Common Cerebral Palsy Leg Problems

In the legs, the signs and symptoms can present as:

Alongside these, children may fail to reach their developmental milestones including walking, sitting and crawling. While the effects of Cerebral Palsy are permanent, the degree to which a person is affected can and does change over time. Some may experience declines in their balance, muscle tone and other functions, while others may see their function improve. This is why it’s important to have a personalised management plan for Cerebral Palsy that carefully considers a person’s unique circumstances, effects and their severity - as this will greatly dictate and change the best treatment approach for them.

Diagnosing Cerebral Palsy Foot & Leg Problems

While Cerebral Palsy is typically diagnosed by your doctor using a range of testing paired with medical imaging studies, our podiatrists work extensively with those with Cerebral Palsy to understand and diagnose how their feet and legs are being affected, so we know the best ways that we can help.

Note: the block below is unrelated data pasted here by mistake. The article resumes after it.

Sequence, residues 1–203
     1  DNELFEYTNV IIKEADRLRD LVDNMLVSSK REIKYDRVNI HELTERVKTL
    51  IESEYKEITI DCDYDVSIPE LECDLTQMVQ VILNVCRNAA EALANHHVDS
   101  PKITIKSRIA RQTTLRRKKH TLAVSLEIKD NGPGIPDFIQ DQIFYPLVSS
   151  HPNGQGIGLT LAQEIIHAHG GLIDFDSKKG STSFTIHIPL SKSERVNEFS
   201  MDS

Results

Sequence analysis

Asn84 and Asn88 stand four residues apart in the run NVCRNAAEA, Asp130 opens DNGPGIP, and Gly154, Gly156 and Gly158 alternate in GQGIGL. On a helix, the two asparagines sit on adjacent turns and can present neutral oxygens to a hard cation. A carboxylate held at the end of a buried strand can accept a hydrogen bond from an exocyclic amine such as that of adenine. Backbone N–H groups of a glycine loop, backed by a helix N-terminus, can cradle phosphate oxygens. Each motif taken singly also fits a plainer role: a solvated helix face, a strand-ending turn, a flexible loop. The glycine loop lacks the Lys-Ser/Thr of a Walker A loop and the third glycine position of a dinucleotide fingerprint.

We’ll conduct a comprehensive assessment of the feet and legs, looking at muscle tone, gait, balance, alignment in the hips, knees, ankles and feet, and also evaluating for common lower limb problems such leg length differences, clubfoot and much more.

How We Help Treat Cerebral Palsy Feet & Leg Problems

We work uniquely on a case-by-case basis with those with Cerebral Palsy, creating personalised management plans based entirely on the results of our assessment, which is reflective of the extent and ways that Cerebral Palsy is affecting a certain person. A lot of the work we do involves using non-surgical, reliable therapies to assist with gait and movement, flexibility, stability, balance and comfort on the feet. These may include: